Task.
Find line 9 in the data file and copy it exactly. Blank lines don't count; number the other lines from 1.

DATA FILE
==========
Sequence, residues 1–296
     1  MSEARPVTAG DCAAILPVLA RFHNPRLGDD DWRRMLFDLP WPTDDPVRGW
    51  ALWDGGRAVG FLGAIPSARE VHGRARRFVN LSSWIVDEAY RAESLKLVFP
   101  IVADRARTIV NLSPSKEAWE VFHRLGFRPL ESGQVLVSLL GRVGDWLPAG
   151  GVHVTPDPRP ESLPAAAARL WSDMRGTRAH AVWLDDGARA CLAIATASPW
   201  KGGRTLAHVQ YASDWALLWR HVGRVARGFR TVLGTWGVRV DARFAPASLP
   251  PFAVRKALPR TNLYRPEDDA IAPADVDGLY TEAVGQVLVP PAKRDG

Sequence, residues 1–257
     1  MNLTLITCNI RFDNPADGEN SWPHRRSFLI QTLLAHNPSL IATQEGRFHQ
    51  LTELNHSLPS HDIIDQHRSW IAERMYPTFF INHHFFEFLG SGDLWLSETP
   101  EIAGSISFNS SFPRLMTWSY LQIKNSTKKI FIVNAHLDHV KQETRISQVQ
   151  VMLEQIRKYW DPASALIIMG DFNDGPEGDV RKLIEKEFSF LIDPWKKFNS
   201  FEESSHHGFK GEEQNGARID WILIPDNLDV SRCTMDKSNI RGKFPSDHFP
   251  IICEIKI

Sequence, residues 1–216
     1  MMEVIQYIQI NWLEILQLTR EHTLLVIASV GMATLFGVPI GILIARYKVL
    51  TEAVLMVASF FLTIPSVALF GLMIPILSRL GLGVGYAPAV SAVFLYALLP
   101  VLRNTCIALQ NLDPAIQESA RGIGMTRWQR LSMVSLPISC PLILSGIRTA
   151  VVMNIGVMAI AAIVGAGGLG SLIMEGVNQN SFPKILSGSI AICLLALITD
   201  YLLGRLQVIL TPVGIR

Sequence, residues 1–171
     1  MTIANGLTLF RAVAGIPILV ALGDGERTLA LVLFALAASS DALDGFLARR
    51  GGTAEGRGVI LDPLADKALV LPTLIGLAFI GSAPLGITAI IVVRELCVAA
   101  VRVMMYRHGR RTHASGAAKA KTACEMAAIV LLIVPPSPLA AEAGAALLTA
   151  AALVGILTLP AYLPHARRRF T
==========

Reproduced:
     1  MNLTLITCNI RFDNPADGEN SWPHRRSFLI QTLLAHNPSL IATQEGRFHQ